Beth,badnights wrote: ↑Mon Jun 15, 2020 7:15 amHolland, what do you mean by iron saturation? I think I have a handle on transferrin saturation, TIBC & UIBC, iron concentration, & transferrin index, but I thought iron sat was just another term for transferrin sat.
What was your sat. when your ferritin was 452?
iron sat=iron/TIBC (Where TIBC is Total Iron Binding Capacity)
They are usually close and frequently incorrectly considered the same. The difference is that TIBC (a cheap test) is TOTAL iron binding capacity, which is mostly, but not all, due to transferrin. Transferrin Sat (correctly used) means measuring transferrin level directly (a much more expensive test). For the purposes used here, they may be used interchangeably.
Iron Sat when my ferritin was 452 (just prior to my iron infusion last week) was 33% (the doc didn't order a transferrin level, so true transferrin sat is unknown).
The difference may have been due to the timing of the blood test and/or the oral iron. Serum iron levels have a diurnal variation and are quite sensitive to recent changes in dietary iron intake. You should have the test done in the morning, fasting and off all iron supplements for several days. The lab doesn't usually tell you this, but it is important if you want accurate ferritin and iron levels.badnights wrote: ↑Mon Jun 15, 2020 7:15 amI'm being advised against another infusion right now based on a sat. of 52% (and ferritin 308). It's a bit weird - two months post-infusion, my sat. was 44% and serum iron was 123 microg/dL. At that point I was definitely feeling benefits, I had dropped my hydromorphone from 9 to 6 mg daily. Seven and a half months post-infusion, symptoms had been bad again for about 1.5 months, my sat. was 52%, serum iron 140. Quite an increase, I would have expected it to DEcrease.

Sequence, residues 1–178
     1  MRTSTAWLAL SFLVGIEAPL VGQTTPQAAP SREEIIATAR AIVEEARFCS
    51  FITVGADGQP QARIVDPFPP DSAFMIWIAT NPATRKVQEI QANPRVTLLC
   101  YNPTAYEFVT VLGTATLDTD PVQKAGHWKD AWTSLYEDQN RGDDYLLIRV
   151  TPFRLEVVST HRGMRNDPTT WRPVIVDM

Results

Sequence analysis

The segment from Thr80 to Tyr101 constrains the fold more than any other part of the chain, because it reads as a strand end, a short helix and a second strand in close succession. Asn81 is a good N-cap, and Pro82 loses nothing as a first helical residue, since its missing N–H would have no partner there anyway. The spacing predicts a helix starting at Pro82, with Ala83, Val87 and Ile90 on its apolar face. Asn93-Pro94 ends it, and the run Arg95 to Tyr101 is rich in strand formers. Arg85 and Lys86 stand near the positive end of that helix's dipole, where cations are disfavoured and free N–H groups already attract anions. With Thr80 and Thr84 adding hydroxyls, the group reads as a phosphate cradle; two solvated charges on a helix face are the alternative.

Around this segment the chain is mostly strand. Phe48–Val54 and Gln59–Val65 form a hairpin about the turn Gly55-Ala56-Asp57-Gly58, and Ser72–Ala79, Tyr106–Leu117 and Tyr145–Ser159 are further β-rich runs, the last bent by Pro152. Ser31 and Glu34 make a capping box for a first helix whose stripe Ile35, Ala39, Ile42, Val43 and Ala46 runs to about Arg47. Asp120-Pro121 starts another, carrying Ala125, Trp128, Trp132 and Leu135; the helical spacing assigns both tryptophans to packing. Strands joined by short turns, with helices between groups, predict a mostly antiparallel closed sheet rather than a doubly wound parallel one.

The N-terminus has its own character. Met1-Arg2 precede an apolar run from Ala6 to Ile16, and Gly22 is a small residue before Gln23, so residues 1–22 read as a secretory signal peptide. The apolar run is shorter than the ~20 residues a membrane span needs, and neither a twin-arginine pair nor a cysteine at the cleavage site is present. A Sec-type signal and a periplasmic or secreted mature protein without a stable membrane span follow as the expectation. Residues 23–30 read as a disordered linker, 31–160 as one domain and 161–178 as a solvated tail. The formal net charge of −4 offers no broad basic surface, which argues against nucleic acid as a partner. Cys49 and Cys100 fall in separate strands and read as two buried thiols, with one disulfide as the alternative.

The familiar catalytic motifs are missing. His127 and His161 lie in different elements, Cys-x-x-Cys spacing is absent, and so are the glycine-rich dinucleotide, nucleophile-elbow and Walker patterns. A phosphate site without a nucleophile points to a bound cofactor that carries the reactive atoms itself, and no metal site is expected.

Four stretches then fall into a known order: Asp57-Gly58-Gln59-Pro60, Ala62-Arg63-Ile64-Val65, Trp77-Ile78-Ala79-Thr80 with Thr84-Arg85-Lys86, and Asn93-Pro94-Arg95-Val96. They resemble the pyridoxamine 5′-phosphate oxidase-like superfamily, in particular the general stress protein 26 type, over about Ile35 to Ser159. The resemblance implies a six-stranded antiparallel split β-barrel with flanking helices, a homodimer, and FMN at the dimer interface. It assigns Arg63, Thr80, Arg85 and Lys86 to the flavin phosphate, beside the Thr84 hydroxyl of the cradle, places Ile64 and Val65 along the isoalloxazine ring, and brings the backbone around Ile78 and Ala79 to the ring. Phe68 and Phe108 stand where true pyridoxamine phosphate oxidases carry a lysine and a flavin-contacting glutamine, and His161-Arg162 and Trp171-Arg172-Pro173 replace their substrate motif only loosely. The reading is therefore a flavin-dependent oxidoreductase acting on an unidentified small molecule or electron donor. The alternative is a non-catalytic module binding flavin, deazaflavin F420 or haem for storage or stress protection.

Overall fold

The cause of the increase has to be that I re-started oral iron 3 weeks before the test (I am kicking my own butt about that now, but I had irrational reasons for not getting tested, stemming from depression). But how can 3 weeks of oral iron cause more of an increase than the infusion did? Maybe my hepcidin is messed up and I absorb iron even when my blood is full of it. I also am convinced I get worse symptoms if I take 2 instead of 3 ferrous sulfate pills/day, but common wisdom is I'm just pooping it out.
Quite aside from that, I think none of the iron numbers we use are being interpreted correctly and they're probably inadequate to guess at status of brain iron. My body tells me the infusion was good for me, that it has worn off and another one is in order - no matter what the numbers are saying.
Doctors are VERY nervous about poisoning their patients with too much iron, and your last iron sat was on the high side. If your last test wasn't done in early AM, fasting, and off iron tablets for several days, I would ask for a repeat test done. Might get an iron sat more acceptable to the doctor ordering your infusions.
You are absolutely correct in saying doctors frequently misinterpret these test results, the most common error is thinking serun ferritin levels reflect brain iron levels. And you are correct that none of these tests correctly reflect brain iron levels.
You are correct that 3 weeks of oral iron is not going to change the total amount of iron in your body, but the iron level measured in your blood is only a tiny portion of the total iron in your body, so iron tablets can easily increase the iron level measured in your blood, while not changing your total iron in your body, most commonly approximated by the ferritin.